AKRON, Ohio — Researchers are calling it the "fexit."
“A fexit is really a Facebook exit. It is a play on words for us to take a look at peoples' intentions to either decrease their use of Facebook or even leave it all together,” explains Alexa Fox, an assistant professor of marketing at the University of Akron. She is part of a team that has been exploring the effects of unwanted posts on Facebook.
“I think people are just feeling overwhelmed with a lot of different types of content and a lot of different types of options that are available for them to consume content, so really I think that people are just feeling like there is so much coming at them all of the time,” said Fox.
Fox says when people log onto Facebook, they are hoping for personal connections with their friends, something that political posts don’t provide — even if they do align with the users' beliefs.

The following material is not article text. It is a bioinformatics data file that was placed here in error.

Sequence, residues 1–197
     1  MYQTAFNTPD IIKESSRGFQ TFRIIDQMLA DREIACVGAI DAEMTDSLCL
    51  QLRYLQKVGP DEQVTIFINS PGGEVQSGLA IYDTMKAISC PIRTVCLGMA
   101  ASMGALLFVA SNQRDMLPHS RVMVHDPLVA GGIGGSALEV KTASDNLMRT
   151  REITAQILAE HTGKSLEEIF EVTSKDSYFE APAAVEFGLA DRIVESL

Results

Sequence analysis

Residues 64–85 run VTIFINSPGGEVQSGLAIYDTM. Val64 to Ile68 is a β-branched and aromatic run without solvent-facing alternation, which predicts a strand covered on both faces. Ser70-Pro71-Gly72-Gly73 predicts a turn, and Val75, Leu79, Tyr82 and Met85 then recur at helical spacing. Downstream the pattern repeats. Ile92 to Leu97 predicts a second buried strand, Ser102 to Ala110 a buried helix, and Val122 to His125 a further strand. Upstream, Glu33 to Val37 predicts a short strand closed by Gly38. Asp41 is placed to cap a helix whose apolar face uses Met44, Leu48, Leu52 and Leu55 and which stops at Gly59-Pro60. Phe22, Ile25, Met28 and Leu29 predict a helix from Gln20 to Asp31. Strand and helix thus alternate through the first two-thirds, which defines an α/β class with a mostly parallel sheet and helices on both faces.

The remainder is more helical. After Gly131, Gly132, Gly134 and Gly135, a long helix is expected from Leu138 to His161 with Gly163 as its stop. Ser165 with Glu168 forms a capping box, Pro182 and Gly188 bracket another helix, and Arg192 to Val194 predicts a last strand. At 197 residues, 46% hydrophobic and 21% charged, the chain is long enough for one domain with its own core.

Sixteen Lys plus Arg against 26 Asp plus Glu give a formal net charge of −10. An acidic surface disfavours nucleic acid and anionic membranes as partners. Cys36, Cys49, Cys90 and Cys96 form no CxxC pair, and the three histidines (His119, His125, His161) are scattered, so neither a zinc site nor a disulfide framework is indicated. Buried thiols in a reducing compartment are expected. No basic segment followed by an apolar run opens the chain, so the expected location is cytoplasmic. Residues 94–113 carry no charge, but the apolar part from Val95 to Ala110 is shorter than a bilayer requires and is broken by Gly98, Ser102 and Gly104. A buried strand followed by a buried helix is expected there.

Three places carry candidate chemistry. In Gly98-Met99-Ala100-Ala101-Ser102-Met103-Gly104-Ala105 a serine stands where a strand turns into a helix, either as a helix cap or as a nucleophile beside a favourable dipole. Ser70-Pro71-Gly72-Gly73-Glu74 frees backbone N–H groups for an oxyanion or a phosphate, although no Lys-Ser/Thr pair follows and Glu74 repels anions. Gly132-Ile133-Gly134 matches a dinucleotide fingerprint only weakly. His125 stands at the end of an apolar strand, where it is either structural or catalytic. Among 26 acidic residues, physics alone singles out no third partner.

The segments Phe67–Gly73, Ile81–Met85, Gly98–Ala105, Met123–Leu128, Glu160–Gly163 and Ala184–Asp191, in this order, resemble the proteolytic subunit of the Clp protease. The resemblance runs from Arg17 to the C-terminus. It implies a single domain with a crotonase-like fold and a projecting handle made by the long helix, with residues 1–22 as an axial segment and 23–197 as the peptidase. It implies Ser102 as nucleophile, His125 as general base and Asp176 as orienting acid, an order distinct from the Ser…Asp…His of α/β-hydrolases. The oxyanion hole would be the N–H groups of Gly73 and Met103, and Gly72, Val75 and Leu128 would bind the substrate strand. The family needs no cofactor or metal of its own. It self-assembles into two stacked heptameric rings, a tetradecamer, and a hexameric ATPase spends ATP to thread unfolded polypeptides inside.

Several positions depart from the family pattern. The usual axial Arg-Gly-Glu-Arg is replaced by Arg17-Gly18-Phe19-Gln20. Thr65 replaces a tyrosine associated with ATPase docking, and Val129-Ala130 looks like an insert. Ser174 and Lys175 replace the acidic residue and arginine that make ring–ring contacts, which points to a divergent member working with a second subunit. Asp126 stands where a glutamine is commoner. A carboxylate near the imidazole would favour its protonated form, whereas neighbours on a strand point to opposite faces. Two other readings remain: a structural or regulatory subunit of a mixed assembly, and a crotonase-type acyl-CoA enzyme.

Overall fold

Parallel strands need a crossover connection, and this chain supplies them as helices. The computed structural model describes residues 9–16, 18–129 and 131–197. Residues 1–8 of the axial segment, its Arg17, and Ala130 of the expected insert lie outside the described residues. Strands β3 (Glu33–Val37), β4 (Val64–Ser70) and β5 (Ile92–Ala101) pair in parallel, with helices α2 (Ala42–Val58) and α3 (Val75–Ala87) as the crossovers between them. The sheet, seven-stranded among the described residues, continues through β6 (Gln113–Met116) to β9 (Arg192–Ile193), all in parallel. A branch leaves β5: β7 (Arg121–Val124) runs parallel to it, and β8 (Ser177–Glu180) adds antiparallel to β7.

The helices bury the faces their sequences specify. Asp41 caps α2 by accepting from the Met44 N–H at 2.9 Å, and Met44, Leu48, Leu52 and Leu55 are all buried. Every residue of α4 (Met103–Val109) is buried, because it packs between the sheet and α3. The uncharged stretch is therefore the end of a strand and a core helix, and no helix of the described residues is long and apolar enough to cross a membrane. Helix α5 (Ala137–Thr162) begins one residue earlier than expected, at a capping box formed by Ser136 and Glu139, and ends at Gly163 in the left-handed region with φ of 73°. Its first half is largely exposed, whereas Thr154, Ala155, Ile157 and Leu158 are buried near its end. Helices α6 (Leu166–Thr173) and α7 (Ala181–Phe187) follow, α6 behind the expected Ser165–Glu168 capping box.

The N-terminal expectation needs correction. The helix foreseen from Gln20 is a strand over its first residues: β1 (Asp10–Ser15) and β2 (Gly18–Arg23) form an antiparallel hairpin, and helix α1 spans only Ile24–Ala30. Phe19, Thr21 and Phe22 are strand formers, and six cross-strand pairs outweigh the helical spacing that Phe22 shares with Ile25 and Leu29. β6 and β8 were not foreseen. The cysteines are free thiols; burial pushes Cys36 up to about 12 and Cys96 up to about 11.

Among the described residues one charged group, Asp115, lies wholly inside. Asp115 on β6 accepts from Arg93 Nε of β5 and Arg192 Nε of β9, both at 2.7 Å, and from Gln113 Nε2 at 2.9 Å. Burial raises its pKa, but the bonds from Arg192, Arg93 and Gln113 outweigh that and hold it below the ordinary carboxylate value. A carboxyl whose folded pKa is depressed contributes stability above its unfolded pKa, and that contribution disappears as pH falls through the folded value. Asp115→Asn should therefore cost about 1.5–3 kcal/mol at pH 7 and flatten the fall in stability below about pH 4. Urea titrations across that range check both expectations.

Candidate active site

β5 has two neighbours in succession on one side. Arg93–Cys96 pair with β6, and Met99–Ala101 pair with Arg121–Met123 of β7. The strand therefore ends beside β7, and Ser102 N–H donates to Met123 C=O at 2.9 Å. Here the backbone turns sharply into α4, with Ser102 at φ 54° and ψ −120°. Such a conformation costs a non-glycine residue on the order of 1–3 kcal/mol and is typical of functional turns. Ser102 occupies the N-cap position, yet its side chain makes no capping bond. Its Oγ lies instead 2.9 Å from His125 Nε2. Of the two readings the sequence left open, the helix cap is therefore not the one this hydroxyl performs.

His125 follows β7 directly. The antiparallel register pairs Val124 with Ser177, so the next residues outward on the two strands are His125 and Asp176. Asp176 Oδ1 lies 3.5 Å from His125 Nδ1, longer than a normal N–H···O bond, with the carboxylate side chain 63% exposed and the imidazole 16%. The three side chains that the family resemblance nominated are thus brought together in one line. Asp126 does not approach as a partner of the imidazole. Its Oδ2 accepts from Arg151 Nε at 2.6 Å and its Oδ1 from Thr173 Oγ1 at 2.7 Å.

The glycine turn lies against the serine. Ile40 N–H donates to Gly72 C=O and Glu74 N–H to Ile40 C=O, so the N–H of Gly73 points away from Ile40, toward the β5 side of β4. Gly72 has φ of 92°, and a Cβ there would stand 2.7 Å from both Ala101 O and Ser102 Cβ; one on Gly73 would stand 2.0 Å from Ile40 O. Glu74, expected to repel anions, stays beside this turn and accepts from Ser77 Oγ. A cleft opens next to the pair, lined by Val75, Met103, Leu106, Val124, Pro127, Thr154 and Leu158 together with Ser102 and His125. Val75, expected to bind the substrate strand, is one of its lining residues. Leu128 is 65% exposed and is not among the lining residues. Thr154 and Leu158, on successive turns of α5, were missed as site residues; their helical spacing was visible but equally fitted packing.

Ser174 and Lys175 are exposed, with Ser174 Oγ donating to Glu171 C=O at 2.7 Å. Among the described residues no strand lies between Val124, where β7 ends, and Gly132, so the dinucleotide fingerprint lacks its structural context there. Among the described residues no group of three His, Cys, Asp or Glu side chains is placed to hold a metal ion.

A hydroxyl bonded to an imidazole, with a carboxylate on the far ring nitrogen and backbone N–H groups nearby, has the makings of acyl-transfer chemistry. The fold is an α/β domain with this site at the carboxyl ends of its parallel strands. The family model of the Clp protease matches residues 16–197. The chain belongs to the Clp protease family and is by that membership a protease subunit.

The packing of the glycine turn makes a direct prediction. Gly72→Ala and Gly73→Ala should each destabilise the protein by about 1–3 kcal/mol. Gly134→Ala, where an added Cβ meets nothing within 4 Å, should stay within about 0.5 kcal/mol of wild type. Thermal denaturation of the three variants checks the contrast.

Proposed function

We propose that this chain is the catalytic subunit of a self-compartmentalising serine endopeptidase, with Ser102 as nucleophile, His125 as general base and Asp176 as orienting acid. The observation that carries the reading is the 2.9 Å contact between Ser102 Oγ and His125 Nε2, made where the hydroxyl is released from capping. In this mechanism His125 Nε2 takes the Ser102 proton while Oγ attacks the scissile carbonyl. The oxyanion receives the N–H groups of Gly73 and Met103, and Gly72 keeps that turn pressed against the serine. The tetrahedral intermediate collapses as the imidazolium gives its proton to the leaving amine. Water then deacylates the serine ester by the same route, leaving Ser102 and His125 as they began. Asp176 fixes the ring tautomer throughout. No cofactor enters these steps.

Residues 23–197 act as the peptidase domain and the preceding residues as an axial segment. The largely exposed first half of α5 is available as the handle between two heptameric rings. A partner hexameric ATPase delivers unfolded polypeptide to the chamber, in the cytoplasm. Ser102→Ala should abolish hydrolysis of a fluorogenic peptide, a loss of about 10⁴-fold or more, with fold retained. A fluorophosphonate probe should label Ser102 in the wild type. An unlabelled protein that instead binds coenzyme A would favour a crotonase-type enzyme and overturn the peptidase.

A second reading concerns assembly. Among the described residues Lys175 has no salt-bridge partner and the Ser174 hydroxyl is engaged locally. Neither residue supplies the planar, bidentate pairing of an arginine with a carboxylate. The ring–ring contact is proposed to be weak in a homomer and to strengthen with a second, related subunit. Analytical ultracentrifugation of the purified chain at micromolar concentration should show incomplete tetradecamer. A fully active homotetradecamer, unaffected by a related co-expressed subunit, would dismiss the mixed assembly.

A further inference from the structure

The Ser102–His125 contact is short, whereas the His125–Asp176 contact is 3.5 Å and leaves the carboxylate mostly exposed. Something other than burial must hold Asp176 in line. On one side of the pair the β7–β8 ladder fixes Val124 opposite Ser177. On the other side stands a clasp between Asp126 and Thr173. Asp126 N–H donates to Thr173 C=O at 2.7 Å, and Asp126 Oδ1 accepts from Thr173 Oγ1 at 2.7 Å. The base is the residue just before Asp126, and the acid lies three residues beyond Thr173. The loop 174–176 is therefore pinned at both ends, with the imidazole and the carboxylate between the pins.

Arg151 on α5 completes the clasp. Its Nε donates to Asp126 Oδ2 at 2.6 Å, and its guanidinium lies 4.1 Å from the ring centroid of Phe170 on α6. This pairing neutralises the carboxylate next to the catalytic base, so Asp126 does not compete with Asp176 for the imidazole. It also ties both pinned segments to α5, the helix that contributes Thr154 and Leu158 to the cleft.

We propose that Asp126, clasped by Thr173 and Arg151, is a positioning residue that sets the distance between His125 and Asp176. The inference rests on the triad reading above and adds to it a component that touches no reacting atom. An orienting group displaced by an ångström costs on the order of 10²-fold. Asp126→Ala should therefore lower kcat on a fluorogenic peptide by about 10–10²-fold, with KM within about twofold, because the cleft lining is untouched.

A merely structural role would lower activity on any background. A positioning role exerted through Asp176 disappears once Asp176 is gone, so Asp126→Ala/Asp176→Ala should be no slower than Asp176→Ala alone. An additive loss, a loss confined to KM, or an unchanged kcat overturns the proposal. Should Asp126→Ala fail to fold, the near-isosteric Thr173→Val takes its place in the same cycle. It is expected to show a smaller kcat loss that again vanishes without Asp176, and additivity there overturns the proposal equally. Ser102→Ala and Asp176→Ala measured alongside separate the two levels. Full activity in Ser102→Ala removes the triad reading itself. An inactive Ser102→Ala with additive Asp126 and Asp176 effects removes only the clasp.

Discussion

“We found that political content in general, even if it is aligned with your own point of view, people were not interested in hearing about it. It would lead to greater intentions to mute that person or use Facebook less or even consider decreasing or deactivating your account all together.“
For many, navigating unwanted content on Facebook is not as easy as hitting that “unfriend” button — especially when it comes to navigating “in-person” relationships.
The study found that users may be more permissive when it comes to their families posting habit. Fox said, "There are certain relationships that they have to maintain, like I said, with family you think, well, I can’t unfriend my family member or I don’t want to totally get rid of this person and make them see we aren’t Facebook friends anymore because I don’t want to damage that relationship. They might even feel like it has offline implications for what they do.”
Fox explained it’s not just political posts that people are tired of — brand-related posts from friends is another reason people “fexit.”